That same friend then asked me why I go to the trouble to dress up and well everyday. I responded, "BECAUSE IT PUTS YOU A STEP ABOVE EVERYONE ELSE."

Michael said...

It is for this reason that i never board an airplane or elevator without a tie. I never meet a client or a capital source without a tie. In some cases to show respect in others to prevoke.

I always reply that i do not wish to appear as though i am stopping by on the way to pick up something at HomeDepot.

Reggie Darling said...


I have recently been doing a lot of air travel on business. During the past four of five trips, all to an island off the coast of Latin America, I decided that I would take it up a notch, and add a tie to what I usually wear when flying (dress shoes and trousers, formal shirt, blazer), and substitute tailored wool trousers for the off-the-rack kakhis I usually wear when fling to the warmer climates. Needless to say the contrast to what almost all the other passengers was jaw-dropping. I got visibly better service and more solicitous attention, even among the business section where I was sitting.

When I was asked why I was "so dressed up" by the flip-flop/tee shirt/cargo short crowd my response was "Because this is the way I dress, and I like it," and leave it at that. Watching the cretins' work their way through what I might have meant from that was most amusing.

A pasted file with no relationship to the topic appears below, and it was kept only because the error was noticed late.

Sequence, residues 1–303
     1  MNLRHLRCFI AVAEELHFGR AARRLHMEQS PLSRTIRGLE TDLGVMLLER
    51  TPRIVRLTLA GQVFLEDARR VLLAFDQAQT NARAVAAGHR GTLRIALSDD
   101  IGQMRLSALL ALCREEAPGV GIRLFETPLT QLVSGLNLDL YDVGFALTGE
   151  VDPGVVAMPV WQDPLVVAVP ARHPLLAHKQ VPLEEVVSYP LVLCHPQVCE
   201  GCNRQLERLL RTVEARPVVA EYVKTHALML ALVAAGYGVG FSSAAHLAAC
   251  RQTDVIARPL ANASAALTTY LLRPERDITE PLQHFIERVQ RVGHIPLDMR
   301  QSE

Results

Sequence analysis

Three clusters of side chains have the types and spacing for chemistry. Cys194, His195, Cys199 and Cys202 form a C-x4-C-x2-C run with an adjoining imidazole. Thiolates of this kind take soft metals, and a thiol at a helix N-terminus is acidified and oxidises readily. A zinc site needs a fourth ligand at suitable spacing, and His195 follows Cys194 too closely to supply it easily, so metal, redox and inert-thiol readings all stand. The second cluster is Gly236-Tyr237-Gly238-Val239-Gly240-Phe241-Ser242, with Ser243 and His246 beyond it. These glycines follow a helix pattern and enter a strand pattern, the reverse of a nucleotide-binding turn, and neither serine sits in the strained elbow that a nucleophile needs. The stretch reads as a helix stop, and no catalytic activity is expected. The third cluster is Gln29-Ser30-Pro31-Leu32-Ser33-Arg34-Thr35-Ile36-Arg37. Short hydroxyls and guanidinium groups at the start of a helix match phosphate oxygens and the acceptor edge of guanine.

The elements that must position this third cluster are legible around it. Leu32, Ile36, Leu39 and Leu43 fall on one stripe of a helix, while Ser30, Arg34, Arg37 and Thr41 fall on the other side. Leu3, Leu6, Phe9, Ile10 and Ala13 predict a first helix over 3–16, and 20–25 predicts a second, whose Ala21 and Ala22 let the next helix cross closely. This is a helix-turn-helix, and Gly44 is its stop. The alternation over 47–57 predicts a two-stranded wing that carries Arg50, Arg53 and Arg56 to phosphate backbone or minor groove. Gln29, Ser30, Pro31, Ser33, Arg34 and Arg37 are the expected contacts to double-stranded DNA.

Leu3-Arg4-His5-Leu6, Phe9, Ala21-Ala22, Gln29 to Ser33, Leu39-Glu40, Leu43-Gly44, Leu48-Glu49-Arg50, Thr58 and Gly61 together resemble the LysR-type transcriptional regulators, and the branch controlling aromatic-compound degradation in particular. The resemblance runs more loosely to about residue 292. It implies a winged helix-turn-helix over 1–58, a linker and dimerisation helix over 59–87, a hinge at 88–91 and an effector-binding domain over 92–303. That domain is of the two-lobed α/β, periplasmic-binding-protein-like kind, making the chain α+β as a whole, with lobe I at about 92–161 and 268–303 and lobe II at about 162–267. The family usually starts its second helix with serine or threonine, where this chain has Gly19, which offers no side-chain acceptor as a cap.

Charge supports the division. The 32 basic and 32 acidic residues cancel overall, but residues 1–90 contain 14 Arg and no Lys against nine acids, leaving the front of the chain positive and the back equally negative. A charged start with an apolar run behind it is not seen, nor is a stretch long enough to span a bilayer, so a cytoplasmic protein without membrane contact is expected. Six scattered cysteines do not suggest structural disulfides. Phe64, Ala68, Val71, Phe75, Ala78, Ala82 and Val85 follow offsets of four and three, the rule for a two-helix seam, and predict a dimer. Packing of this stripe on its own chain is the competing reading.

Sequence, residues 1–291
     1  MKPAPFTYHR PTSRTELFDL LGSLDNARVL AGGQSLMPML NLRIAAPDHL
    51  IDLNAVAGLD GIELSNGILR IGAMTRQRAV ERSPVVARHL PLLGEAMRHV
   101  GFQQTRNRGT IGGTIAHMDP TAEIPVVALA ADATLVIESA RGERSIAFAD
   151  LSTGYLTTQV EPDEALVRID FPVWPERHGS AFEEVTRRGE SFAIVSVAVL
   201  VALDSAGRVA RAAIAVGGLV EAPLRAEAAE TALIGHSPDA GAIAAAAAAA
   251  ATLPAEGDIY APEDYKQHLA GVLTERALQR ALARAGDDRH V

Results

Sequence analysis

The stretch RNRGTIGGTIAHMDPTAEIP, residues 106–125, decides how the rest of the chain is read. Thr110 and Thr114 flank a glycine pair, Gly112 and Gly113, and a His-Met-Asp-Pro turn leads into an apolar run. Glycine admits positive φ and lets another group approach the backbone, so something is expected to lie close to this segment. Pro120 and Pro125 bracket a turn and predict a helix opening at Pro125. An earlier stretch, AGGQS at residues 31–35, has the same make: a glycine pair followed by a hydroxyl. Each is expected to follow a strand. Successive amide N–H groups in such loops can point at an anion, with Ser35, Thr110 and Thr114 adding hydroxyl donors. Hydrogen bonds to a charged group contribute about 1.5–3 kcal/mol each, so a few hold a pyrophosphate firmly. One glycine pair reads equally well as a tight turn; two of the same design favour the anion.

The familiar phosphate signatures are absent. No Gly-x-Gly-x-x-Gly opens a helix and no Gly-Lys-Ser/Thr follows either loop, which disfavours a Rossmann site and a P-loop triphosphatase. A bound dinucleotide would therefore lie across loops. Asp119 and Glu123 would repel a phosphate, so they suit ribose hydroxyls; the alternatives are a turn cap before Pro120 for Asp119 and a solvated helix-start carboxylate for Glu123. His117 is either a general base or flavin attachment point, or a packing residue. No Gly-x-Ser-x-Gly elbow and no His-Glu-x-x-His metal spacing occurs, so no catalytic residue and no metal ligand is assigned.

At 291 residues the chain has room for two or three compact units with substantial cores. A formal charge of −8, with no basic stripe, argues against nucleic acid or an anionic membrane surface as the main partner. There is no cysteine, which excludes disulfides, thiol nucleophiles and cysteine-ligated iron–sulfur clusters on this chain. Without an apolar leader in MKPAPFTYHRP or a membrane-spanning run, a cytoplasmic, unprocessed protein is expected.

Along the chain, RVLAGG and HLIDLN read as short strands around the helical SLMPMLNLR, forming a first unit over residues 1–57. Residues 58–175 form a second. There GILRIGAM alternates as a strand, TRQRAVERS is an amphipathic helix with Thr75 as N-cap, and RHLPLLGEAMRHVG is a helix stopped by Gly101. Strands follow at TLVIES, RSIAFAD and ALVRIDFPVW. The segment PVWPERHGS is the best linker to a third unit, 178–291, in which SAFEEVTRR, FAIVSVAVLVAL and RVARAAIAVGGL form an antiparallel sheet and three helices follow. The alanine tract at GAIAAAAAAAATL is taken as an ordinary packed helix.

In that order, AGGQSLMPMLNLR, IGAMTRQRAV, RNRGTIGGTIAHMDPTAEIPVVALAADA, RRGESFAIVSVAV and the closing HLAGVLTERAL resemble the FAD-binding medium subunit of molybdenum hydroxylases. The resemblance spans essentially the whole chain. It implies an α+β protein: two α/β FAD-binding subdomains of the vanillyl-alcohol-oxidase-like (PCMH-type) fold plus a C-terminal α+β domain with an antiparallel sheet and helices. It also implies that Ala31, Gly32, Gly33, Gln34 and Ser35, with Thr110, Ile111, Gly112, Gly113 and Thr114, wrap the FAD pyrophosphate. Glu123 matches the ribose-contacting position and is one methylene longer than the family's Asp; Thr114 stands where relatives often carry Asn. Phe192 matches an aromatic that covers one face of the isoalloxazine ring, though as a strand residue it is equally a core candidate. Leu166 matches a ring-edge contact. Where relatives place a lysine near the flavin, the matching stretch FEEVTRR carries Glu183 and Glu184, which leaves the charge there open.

Death Bredon said...

Sounds to me that YOU are the redneck, Seaman Cod.

Main Line Sportsman said...

3 drinks in 15 minutes....a laudable pace!

J. Mitchell said...

Mon Amiral,

When I was an undergrad at a state university in the early 1960s, the professors actually dressed like this. Now, they are a scruffy lot.


Ian Dundrillon said...
This comment has been removed by the author.
Anonymous said...

better sackcloth with humility than a tailored ego
with bespoke hubris. I will take my tweed advice

Regimental Stripe said...

Dressing properly is an outward sign of the deep, inner difference between the patrician and the plebeian, the gentleman and the slob.

Laguna Beach Fogey said...

Reggie ~ You add a dash of class wherever you go, I'm sure.

Death ~ The term redneck is a shaming tactic used by white liberals to shut down debate and to enhance their own status. I'm so over it.

MLS ~ They were Sapphire-and-tonics. I suppose my system is used to them by now.

Ian - Too few of us are willing to speak out, for fear of being seen as ungentlemanly. We need to move beyond it.

Grausig Grantiger Gemahl said...

I'm so with you on that reaction.
Is there sth. prussian in your blood?
3GT and this... You don't seem american;)

La Sombra Sofisticada said...

Well done, ol' chap!

Ivoire said...

@ J. Mitchell:


Pete said...

Kleider machen die Leute

Anonymous said...

3 drinks in 15 minutes? Even I can do better than that.


Anonymous said...

on the subject of tall men . . I was standing at a concert and a very tall man walked in front of me and chose to remain there--but not for long. Even worse, he was wearing a cowboy hat. Without directly addressing him, I looked at the lady beside me and said, "Can you show me a gentleman in this place?" She smiled and said, "I don't think I see one." He turned around and moved and apologized, too. All was forgiven.